Falling temperatures and the equine diet

  • Horses may require dietary changes or supplementation during colder weather.

Colder weather has begun to lay its annual claim on the land, and horses, especially those who live outdoors 24/7, are experiencing changing nutritional needs. Despite what many of us may think, and, unlike their human counterparts, horses fare better in decreasing temperatures. In fact, our equine friends are most comfortable at temperatures between 18 and 59 degrees Fahrenheit, depending on their hair coat and whether wind and/or moisture are present.


However, some health issues brought on by winter’s wrath may prescribe a need for dietary changes or supplementation not otherwise required in warmer weather. Hard keepers, especially, can struggle to maintain a healthy body weight, while others may suffer from decreased thirst and consistently wet hooves, which can equate to big problems for horse owners. Luckily, some seemingly minor nutritional changes can be beneficial in terms of weight maintenance, lowered risk of impaction-induced colic, increased hydration and improved hoof health.



Success starts with adequate roughage


Horses are better able to control body heat if suitable roughage is provided. A mature horse in good flesh must consume at least 1 percent of their body weight (10 pounds for the average 1,000-pound riding horse) per day in good-quality forage — preferably an alfalfa grass/hay mix — to maintain a healthy gastrointestinal tract. This typically equates to between three and four flakes of hay daily. However, 2 percent or more may be necessary during frigid temperatures. It is also important to keep in mind that horses should be fed by weight and not by volume.


Increased energy is being spent as horses work to simply stay warm, and this should not be overlooked. Supplementing the horse’s diet with additional grain may prove beneficial. While grain does not provide as much of a core warming effect as hay, increased feeding may aid weight maintenance, especially in working, senior or pasture-kept horses.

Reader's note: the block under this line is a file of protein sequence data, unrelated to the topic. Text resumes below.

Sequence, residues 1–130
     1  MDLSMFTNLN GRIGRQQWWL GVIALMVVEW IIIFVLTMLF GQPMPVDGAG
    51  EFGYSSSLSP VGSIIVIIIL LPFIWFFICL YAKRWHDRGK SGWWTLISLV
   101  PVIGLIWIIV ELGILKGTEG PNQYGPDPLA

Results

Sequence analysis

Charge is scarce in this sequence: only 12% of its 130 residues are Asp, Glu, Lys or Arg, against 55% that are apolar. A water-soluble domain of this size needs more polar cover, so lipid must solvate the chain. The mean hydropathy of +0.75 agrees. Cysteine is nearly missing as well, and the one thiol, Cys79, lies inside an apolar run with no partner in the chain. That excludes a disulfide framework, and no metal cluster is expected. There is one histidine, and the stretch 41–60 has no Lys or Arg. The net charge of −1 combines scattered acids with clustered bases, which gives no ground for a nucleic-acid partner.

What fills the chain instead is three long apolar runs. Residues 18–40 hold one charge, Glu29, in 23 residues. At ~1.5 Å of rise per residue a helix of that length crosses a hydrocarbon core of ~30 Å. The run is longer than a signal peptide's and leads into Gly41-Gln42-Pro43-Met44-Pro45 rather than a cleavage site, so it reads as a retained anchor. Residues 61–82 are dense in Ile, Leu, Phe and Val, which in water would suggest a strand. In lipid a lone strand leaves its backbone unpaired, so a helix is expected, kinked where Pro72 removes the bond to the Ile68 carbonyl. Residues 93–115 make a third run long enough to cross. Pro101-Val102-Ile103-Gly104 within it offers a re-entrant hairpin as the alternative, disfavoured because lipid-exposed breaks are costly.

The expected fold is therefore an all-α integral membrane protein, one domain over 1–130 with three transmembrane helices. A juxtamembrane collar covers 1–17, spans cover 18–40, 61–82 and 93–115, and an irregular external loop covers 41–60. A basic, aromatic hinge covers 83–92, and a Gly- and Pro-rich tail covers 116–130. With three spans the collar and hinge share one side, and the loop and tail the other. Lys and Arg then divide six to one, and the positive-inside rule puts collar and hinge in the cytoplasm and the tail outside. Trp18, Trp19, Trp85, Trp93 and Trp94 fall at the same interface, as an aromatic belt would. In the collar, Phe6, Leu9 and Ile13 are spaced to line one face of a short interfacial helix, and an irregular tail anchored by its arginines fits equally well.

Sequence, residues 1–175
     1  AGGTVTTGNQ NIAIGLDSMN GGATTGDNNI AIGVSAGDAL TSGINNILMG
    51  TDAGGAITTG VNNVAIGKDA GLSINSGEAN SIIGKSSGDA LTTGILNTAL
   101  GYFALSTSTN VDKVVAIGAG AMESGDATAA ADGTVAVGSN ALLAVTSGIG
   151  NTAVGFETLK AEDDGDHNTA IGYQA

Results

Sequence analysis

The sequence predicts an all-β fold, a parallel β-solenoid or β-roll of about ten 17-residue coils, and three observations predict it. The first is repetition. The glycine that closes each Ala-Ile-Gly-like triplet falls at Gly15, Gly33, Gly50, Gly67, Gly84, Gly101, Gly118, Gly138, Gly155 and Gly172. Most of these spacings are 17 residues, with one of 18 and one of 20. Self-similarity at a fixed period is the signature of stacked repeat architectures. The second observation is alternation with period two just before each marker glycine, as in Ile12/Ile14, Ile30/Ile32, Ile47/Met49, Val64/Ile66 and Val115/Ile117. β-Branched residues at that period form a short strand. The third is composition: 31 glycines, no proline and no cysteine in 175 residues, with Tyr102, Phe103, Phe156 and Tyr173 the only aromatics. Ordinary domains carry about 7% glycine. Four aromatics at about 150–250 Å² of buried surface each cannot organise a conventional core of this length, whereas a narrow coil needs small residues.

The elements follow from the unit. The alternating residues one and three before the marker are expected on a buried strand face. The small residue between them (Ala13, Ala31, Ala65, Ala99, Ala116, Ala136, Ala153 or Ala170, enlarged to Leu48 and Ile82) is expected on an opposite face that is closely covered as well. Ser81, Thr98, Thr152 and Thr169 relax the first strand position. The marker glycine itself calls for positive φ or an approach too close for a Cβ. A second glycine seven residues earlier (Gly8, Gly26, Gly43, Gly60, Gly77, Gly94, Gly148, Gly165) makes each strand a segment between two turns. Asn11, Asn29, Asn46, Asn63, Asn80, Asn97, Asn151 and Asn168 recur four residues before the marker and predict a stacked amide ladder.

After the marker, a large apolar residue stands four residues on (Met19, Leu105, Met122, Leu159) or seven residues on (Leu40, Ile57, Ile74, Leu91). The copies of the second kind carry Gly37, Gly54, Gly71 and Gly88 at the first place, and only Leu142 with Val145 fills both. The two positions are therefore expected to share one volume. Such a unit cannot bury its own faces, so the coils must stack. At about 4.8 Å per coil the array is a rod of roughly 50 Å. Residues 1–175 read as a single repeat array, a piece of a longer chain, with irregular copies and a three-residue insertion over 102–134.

You can lead a horse to water…


The air temperature is not all that should be taken into consideration. Drinking water should ideally fall between 45 and 65 degrees Fahrenheit. If the water is too cold, intake will decrease, thereby reducing water and lubrication in the gut and, in turn, increasing colic risk. As a reference, mature horses weighing 1,000 pounds require a minimum of 10 to 12 gallons of water daily in order to serve just their basic physiological needs. A trough heater or de-icer can prove invaluable in keeping winter drinking water at preferred temperatures.


Additionally, electrolytes should not be undervalued. These vital minerals aid in balancing fluids in the body’s cells and are involved in maintaining proper muscle function and waste processing. Electrolytes are lost daily through the natural processes of sweating and the excretion of urine and feces. Deficiencies can cause dehydration, impaired performance and the most prevalent type of cold weather colic: impaction. Electrolytes encourage adequate drinking, help to keep the gastrointestinal tract functioning properly and can be added to the horse’s diet in an affordable, easy-to-feed and highly palatable form.



No hoof, no horse


Damp, muddy ground can wreak havoc on previously healthy hooves. Essential amino acids, such as glutamine, glycine, proline and methionine, are critical in preserving healthy connective tissues. Copper, vitamin C and fatty acids also play a role in moisture balance and suppleness of the hoof. Zinc is necessary for keratin maintenance, which keeps the hooves from otherwise becoming soft or fragile. These nutrients can be easily and affordably supplied via diet or supplementation.



Domestic horses have increased needs


In the wild, horses can move continuously, foraging for food and water sources, and utilizing thick, wooly coats and the warmth of the herd to survive in the winter months. Domesticated horses don’t have the same options. They are limited to the space, pasture mates and food we provide, and their hair coats often do not stand up to the elements, requiring blanketing and/or appropriate shelter. It is our responsibility to ensure that their cold weather needs are being adequately met, thus keeping horses healthier and happier, and thereby correlating to a generally improved mood among horse owners — an added bonus.


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